Anjali manages to jostle past the unruly crowd and get inside the clinic to speak to technician Kushwaha. She returns with a sullen face. He has apparently told her that her tests require sophisticated machines which are not available in the clinic. The clinic only provides facilities for basic tests like liver function test, lipid profile and blood count.

The Sharmas are apparently not happy at this. They had faced similar problems during Anjali’s first pregnancy. “That time, we were consulting a doctor at Sanjay Gandhi memorial hospital. There, we were given appointment for tests two months after it was advised and finally told that these should be done at a private lab,’’ says Sharma, angrily. This, he claimed, would happen in spite of the hospital having all the facilities.

Notwithstanding their fresh experience, Anjali feels that ‘mohalla clinic’ was a good idea. “Whenever I go to the OPD of a government hospital, it takes hours to see a doctor. I wish this clinic was equipped to handle pregnancy related matters also.’’

Each time she goes for a check-up or test, Anjali has to carry her daughter as there is no one to look after her at home. Once again, Lalit had taken a day off from his work as a commercial vehicle driver to ensure his wife’s tests are done. “This time, my employer has served me an ultimatum. Now that we have no option we have to go to a private laboratory,” he says. The family will surely have to shell out a major chunk of Lalit’s meagre salary of Rs 12,000 for the tests.

To give it a feel of luxury of a private hospital, the clinic is equipped with an air-conditioner where the doctor, the pharmacist, the lab technician and auxiliary nurse midwife (ANM) sit. The white interiors of the clinic make it look like a private nursing home to patients who are relieved to be in after waiting in the sun for long.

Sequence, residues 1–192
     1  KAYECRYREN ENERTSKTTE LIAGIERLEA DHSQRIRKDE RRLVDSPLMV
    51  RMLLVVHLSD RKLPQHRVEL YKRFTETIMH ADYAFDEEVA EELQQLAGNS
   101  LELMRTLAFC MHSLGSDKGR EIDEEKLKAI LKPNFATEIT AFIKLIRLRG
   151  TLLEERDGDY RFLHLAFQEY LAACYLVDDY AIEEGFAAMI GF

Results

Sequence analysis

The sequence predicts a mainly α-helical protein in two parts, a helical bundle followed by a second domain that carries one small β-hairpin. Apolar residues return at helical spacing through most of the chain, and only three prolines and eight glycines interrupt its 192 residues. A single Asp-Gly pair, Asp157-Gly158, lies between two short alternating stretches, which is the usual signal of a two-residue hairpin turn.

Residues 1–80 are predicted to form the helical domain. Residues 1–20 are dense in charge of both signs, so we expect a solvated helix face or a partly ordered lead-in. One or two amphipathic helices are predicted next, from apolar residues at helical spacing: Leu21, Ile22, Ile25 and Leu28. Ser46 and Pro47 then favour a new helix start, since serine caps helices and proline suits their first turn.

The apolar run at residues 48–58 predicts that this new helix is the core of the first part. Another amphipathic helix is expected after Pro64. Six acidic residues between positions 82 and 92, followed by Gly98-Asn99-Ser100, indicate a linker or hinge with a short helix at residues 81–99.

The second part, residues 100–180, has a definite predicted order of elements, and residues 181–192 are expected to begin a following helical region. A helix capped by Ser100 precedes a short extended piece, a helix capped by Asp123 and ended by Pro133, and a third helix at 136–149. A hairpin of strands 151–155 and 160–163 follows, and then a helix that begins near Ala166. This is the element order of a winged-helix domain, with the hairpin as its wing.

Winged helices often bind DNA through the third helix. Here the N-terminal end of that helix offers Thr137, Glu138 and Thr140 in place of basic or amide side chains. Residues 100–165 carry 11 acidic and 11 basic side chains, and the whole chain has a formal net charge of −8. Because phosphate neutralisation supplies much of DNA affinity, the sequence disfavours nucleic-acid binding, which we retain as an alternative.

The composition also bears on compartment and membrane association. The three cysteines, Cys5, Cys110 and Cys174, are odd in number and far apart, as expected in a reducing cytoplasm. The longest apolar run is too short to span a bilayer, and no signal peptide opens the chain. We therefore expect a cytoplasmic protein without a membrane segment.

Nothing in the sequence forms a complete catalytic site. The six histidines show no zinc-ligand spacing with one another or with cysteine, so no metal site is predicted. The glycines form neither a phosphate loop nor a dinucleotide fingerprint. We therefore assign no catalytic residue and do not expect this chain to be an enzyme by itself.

Near afternoon, Bhavna Sharma, pharmacist, loses her cool to a patient who flaunts his ‘’VIP connection’’ and demands to see the doctor on priority basis. “Should we follow procedures or give in to nepotism?” she fumes. The patient is a 10-year-old boy with high fever, who is struggling to keep himself under the shade. On request, the pharmacist allows the boy to have a seat inside the ‘air-conditioned’ clinic.

Despite the space crunch and other inadequacies, people have welcomed the aam aadmi clinic which gives them an option to the ill-equipped dispensaries and government hospitals. Sudesh Rani, 60, had met with a horrific accident in 2000, which has left her unable to walk properly. She is happy to see the aam aadmi clinic. She feels it would spare her the pain and trouble of travelling to and walking through the long and cramped corridors of the government hospitals. 

The clinic is a hit with diabetic patients. “I have been coming here regularly for the past two months. I get all my medicines here,” says Kiran Devi.

A little past noon, the front porch resembles a battleground as people start getting impatient to see the doctor. Some are late for work and others for tuitions. As the clinic staff stoically adheres to the serial number, some of the patients begin to leave. A  girl in her teens, who had come to see doctor for an ear ache, decides to go back else she would get late for her tuition class.

The clinic is, perhaps, first attempt at providing affordable healthcare at grass roots in India. However, given the enormous population base and the relatively small number of proposed clinics across Delhi (1,000), the scheme is unlikely to become a panacea for all the ills ailing our healthcare system.

puja@governancenow.com